The tricuspid valve is one of the four heart valves . It is located between the right atrium and the right ventricle . Its function is to allow the blood flow to proceed in one direction , allowing the exchange of oxygen and carbon dioxide with the lungs for the benefit of the whole body. That is, once pumped from the heart , the blood must continue its path throughout the body.
What is the tricuspid valve?
The heart is a muscle divided into several parts which has the task of pumping oxygen-laden blood to the rest of the body (cells, tissues and organs) in order to feed them, and receive the carbon-rich blood to be sent to the lungs.
The heart valves are small structures with the function of ensuring that the flow of blood from the heart to continue in a single direction, avoiding that come back.
The tricuspid has this name because it is made up of three very robust layers (cusps) and made up of a connective tissue, which open and close in sync with each heart beat. It is an atrioventricular valve equipped with flaps that connect to a valve ring , and therefore to the wall of the heart muscle. The filaments known as tendon cords join the edges of the membranes to the papillary muscles. These filaments are activated by the heartbeat stages, and prevent blood from flowing back to the heart muscle.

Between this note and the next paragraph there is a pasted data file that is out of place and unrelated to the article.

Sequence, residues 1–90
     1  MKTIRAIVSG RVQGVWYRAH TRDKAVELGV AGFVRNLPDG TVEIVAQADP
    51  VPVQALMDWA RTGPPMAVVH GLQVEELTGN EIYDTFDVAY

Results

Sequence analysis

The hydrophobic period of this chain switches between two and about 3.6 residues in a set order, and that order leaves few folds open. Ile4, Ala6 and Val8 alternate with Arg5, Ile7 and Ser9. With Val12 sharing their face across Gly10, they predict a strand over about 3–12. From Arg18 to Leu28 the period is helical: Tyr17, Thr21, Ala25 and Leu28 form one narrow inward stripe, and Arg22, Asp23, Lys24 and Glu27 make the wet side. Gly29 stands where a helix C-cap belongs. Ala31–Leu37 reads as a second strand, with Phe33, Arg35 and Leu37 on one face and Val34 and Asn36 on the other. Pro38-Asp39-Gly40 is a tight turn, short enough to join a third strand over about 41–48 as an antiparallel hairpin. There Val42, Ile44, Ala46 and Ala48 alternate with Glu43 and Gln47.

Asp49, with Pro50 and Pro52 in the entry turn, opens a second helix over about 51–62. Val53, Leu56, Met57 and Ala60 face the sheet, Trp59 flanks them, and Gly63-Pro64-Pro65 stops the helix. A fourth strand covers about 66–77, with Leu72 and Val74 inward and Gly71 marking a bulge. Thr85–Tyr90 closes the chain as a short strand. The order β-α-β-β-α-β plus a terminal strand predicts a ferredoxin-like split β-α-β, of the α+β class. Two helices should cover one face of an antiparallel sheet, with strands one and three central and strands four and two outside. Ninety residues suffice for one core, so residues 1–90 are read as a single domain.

What is the tricuspid valve for?
The heart is the engine of the blood circulation , since it causes the oxygen breathed by the lungs to be transported and diffused to the cells of the tissues and organs of the human body. Furthermore, it allows carbon dioxide to reach the lungs, and to be exhaled, since it is a product of cellular metabolism rejection .
The oxygenated blood travels to reach the body organs and tissues through the ‘ aorta , the artery that provides nourishment to the whole body splitting it into several smaller and smaller branches and capillaries. Blood with carbon dioxide slag returns to the heart via the veins.
The tricuspid valve ensures that non-oxygenated blood passes through the orifice located between the right atrium and right ventricle.
The cardiac cycle consists of two phases : a relaxation phase ( diastole ) and a contraction phase ( systole ). Atria and ventricles contract in a coordinated way: first the atria and then the ventricles.
During the diastolic phase , blood flows regularly between the chambers and the atria, since the valves between the atria and ventricles are open. However, blood does not enter the vascular beds because the semilunar valves are occluded . During the systolic phase, contraction of the atria (atrial systole) and ventricles (ventricular systole) occurs . The contraction causes the blood, still present in the atria, to be pumped to the ventricles, after which the valves close.
The system of the atrioventricular valves and the tricuspid valve is controlled by the flow of blood and by the pressure used in the phases of the cardiac cycle: during the ventricular systole , the pressure of the blood exerted upwards against the membranes establishes its closure avoiding that the flow of blood comes back.
The tendon cords , counteracting the movement from below, prevent the valve from being pushed upwards into the atrium. A revival of the heart valves (prolapse) can take place if anatomical or functional defects occur.